In March 1979, Sadat and Begin met in Washington to sign the treaty officially, for which they were jointly awarded the 1978 Nobel Prize for Peace. In his speech on receiving his award, Sadat hailed the agreement as an initiative aimed at restoring peace: “Let us put an end to wars, let us reshape life on the solid basis of equity and truth. And it is this call, which reflected the will of the Egyptian people, of the great majority of the Arab and Israeli peoples, and indeed of millions of men, women, and children around the world, that you are today honouring. And these hundreds of millions will judge to what extent every responsible leader in the Middle East, has responded to the hopes of mankind.”
What happened next?
President Sadat’s efforts were controversial in the Arab World; Palestine Liberation Organisation (PLO) leader Yasser Arafat, for example, slammed the agreement, stating famously, “Let them sign what they like. False peace will not last.”
The deal was also viewed negatively by the region’s people, who considered Sadat as placing Egypt’s national interests over those of former Egyptian President Gamal Abdel Nasser’s pan-Arab vision. Later that year, Egypt was suspended from the Arab League, and the organisation’s headquarters was moved from Cairo to Tunis.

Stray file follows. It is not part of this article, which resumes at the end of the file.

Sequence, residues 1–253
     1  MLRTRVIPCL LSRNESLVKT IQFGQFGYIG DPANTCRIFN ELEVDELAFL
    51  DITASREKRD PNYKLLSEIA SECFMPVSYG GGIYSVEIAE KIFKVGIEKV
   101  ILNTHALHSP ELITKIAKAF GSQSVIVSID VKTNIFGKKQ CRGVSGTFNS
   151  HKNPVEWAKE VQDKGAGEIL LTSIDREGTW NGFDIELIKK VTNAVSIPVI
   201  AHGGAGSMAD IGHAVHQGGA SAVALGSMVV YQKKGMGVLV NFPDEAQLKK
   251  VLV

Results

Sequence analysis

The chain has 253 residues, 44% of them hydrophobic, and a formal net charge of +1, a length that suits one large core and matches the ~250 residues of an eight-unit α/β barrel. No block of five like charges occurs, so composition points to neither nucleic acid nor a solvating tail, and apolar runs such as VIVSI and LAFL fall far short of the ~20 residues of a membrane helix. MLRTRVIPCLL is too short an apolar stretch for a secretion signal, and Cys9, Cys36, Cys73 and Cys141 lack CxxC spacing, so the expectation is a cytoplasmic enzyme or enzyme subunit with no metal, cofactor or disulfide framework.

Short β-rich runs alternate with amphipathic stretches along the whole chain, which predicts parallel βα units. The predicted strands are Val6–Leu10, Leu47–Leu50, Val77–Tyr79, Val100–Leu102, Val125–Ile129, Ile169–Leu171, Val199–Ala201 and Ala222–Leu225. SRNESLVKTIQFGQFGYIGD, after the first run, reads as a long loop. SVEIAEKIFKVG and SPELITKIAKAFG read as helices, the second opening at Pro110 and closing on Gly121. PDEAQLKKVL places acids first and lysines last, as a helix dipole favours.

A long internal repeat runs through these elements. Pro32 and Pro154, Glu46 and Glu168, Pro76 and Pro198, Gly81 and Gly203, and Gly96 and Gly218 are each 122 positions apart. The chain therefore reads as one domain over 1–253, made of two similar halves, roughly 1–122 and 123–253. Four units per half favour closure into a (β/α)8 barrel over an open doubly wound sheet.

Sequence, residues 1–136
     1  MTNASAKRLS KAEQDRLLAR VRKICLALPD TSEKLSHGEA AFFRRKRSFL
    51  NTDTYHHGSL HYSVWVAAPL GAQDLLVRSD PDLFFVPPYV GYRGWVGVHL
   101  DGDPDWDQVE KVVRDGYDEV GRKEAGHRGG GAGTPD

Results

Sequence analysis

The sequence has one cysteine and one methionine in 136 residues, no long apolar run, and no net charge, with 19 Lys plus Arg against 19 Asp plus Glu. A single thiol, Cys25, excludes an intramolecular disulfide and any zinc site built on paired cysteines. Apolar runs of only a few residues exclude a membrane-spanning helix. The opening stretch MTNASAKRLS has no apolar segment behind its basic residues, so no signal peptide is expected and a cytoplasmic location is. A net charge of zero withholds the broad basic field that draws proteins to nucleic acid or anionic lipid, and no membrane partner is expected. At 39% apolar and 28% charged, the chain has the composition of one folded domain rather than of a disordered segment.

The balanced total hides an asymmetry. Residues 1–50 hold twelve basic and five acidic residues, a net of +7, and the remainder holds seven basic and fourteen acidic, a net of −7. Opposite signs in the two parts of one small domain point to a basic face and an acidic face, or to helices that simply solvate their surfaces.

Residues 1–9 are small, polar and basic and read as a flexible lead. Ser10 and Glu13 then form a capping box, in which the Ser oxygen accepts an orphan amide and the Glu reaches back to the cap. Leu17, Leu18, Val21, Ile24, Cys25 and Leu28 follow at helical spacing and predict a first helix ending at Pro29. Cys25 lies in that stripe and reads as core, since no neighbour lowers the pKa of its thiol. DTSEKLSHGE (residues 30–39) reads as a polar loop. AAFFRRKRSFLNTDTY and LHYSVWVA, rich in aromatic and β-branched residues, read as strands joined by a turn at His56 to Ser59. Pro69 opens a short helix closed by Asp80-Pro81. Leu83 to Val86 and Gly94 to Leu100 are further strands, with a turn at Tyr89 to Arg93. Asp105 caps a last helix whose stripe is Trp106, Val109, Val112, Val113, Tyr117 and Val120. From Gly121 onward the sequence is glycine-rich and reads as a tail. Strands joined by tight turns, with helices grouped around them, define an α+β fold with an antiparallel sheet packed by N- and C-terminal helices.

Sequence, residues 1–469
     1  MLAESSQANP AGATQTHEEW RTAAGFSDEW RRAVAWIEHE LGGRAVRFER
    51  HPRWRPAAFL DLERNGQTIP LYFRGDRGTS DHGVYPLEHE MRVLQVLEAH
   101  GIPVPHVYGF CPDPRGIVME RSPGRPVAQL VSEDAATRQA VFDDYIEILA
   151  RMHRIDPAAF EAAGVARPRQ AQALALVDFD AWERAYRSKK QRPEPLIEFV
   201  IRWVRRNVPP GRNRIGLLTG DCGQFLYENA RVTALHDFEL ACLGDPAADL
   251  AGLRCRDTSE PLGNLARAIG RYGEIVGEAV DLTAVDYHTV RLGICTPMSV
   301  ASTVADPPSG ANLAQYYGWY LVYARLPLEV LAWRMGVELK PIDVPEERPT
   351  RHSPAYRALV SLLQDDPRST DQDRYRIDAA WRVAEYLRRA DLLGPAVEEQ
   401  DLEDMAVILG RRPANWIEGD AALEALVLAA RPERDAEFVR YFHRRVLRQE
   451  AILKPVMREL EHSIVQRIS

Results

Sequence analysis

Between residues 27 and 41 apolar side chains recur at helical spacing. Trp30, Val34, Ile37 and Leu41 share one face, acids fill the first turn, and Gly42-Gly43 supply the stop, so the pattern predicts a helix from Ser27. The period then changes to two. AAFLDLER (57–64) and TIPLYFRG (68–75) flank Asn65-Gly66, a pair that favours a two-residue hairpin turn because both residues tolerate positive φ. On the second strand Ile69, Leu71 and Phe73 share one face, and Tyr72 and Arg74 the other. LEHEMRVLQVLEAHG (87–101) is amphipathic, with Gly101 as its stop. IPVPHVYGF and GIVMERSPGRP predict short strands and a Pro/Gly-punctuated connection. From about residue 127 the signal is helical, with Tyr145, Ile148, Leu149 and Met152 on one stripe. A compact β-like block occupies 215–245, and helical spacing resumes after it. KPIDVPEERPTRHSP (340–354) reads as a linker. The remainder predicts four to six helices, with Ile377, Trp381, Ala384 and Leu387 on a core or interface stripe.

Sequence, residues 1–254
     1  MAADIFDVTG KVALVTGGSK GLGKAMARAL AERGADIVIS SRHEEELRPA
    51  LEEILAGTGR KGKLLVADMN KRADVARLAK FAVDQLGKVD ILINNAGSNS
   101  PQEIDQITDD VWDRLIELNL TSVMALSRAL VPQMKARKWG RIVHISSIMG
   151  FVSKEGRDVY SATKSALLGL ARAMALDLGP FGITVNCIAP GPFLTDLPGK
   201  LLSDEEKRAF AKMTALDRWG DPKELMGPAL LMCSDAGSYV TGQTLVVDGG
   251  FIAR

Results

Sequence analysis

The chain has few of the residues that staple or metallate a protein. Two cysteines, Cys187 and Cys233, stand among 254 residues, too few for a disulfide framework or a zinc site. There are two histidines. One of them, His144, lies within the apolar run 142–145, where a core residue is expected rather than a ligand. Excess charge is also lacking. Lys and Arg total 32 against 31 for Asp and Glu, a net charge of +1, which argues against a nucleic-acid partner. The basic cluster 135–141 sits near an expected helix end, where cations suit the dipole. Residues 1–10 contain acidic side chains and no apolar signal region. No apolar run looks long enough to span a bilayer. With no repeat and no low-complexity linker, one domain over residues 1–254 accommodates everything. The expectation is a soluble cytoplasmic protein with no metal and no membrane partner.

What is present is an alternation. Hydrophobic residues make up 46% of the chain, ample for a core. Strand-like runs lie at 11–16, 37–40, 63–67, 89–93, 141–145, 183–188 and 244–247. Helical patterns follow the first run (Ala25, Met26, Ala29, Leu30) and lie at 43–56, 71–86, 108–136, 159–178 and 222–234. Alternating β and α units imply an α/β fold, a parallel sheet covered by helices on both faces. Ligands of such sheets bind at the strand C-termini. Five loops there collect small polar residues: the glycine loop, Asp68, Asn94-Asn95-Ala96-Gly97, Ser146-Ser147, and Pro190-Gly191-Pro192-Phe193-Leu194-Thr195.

As part of the agreement, the US began its policy of providing economic and military aid to Egypt, second only to Israel. From the Camp David peace accords in 1978 until 2000, Washington has subsidised Egypt’s armed forces with over $38 billion of aid. The country still receives around $1.3 billion from the US annually.
On 6 October 1981, Sadat was assassinated during the annual victory parade held in Cairo to celebrate Egypt’s crossing of the Suez Canal during the 1973 October War. Responsibility for the killing was claimed by the Egyptian group Islamic Jihad, which cited as a primary motivation the president’s deal with Israel, as well as the intense crackdown conducted by the government against opposition leaders.